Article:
When I saw the 26 mile marker (the half and full courses came back together and finished at the same spot), I began picking up the pace. Passed the 13 mile marker and spent the last .1 mile trying to figure out if my running skirt was falling off. It wasn't, but apparently the faster pace made me realize just how drenched it was and gave me the illusion. So as I crossed the finish line, I was busy holding up my skirt!

Got the medal and stumbled over to the post-race area, which was essentially a giant mud puddle. Lots of folks were joking around "well, if you didn't twist an ankle during the race, you will now!"

We waddled back to the metro station and rejoiced at the chance to FINALLY sit down.

Overall, it was a good day. My finish time wasn't too far behind my time last year, which was amazing since I walked more this year (and encountered more hills.... in the rain!). I'm pleased with the result.

My shoes, which are STILL drying, may be forever mud covered. I'm just hoping they lose the mildew scent they were starting to develop yesterday.... hmmm, they may go into early retirement!

Any suggestions for my next half?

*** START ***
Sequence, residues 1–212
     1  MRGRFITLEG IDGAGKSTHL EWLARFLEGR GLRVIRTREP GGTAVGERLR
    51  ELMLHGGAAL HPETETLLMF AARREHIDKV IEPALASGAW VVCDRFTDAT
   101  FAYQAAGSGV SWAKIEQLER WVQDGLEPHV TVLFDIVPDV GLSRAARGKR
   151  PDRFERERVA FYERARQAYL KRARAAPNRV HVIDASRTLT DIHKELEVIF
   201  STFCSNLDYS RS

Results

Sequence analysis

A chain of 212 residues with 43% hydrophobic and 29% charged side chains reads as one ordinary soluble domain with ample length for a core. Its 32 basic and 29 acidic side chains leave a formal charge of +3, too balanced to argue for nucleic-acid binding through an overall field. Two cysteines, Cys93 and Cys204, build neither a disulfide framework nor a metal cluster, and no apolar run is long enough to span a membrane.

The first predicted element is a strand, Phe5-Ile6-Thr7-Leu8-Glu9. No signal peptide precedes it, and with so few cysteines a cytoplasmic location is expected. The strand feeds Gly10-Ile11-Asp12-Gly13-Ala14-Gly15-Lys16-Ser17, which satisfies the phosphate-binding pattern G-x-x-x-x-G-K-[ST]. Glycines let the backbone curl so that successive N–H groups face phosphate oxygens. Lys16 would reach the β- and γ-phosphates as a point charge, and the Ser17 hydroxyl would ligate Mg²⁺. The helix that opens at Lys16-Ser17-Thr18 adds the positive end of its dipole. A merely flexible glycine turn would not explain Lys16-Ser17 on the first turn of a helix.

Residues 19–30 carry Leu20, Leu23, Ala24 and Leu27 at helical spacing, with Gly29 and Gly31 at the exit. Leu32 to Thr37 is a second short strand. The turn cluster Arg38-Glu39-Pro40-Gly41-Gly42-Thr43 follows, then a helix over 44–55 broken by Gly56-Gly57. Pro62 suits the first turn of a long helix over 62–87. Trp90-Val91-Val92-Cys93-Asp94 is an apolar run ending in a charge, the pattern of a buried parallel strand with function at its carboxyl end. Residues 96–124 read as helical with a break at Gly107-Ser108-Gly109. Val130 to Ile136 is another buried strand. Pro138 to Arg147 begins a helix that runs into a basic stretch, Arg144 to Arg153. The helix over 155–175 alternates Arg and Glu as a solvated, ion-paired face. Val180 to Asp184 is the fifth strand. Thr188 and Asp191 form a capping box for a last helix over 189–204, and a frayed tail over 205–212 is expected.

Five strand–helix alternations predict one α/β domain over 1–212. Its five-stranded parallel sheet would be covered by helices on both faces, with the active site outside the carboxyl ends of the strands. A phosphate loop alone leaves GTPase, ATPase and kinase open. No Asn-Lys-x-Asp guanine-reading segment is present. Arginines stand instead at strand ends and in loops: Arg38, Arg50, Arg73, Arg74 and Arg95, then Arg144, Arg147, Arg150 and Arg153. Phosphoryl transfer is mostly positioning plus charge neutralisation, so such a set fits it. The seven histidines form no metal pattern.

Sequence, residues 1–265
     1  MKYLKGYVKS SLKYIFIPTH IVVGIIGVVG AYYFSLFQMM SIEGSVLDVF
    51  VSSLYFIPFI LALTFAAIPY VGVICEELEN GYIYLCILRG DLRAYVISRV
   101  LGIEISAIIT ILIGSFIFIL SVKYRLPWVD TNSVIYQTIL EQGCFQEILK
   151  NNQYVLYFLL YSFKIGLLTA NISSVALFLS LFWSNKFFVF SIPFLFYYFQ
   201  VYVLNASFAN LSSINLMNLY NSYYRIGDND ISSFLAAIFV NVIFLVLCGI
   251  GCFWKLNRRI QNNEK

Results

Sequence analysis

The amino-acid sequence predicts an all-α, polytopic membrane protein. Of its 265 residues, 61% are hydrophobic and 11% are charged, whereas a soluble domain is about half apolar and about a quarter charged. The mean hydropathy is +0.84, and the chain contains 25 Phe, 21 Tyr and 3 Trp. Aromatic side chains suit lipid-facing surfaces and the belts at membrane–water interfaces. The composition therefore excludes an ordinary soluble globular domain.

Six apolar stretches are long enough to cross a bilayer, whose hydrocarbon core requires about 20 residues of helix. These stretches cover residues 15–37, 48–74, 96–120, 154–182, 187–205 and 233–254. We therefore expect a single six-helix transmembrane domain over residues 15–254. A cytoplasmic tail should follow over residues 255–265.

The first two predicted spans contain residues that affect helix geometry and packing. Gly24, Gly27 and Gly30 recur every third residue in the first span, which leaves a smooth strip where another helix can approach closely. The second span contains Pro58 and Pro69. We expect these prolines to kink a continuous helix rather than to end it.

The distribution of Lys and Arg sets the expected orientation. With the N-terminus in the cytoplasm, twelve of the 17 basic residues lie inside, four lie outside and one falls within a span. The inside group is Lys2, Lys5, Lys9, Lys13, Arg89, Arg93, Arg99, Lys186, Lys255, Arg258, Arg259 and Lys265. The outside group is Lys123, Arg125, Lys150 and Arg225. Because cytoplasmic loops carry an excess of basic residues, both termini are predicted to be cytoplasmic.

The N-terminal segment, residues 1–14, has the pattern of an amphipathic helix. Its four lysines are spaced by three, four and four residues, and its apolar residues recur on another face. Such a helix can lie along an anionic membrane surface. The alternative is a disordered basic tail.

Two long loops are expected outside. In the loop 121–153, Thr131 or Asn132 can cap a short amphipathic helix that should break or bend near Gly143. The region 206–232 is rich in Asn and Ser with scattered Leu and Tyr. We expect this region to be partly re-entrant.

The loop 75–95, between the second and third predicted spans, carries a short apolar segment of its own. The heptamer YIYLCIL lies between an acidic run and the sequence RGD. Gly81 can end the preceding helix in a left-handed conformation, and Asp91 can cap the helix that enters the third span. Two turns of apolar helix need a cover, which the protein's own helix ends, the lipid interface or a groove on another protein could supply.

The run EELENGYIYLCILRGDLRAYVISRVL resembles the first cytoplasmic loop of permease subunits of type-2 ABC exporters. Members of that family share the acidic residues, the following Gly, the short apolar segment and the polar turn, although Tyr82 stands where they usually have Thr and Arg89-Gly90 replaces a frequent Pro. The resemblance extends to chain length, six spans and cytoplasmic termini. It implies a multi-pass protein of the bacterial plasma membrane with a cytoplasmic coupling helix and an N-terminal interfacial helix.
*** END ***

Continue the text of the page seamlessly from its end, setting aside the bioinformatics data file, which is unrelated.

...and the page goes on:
Sunday, April 12, 2009

Hope fulfilled

I awoke with a great sense of relief. Easter is FINALLY here. It may seem a ridiculous thing to say, as Easter is a celebration of something that happened long ago. But in many ways, Easter is new for me every year. The Lenten season drains me. Self reflection is hard, painful work. Between recognizing myself for who I really am and experiencing the mental and emotional journeying with Christ toward the cross, I usually find myself stumbling around toward Easter.

And somehow, the Holy surprise finds me. Like the women who approached the tomb over 2,000 years ago, I never find what I expect. I come carrying my burial clothes and arrive to discover a flower blooming in a tiny mountain crevice. Life has overtaken death; grace has overtaken my guilt.

As I drove home from services today, I found myself struck that this holy day isn't as much about new life as it is changed life. In other words, Christ didn't die to create something new or start over, but because of great love for the people all around. Christ looked at what was and saw all that could be. He died not to make me a new creation, but to remind me (us) of the creation I (we) already am (are) - of the identity God already gave me (us).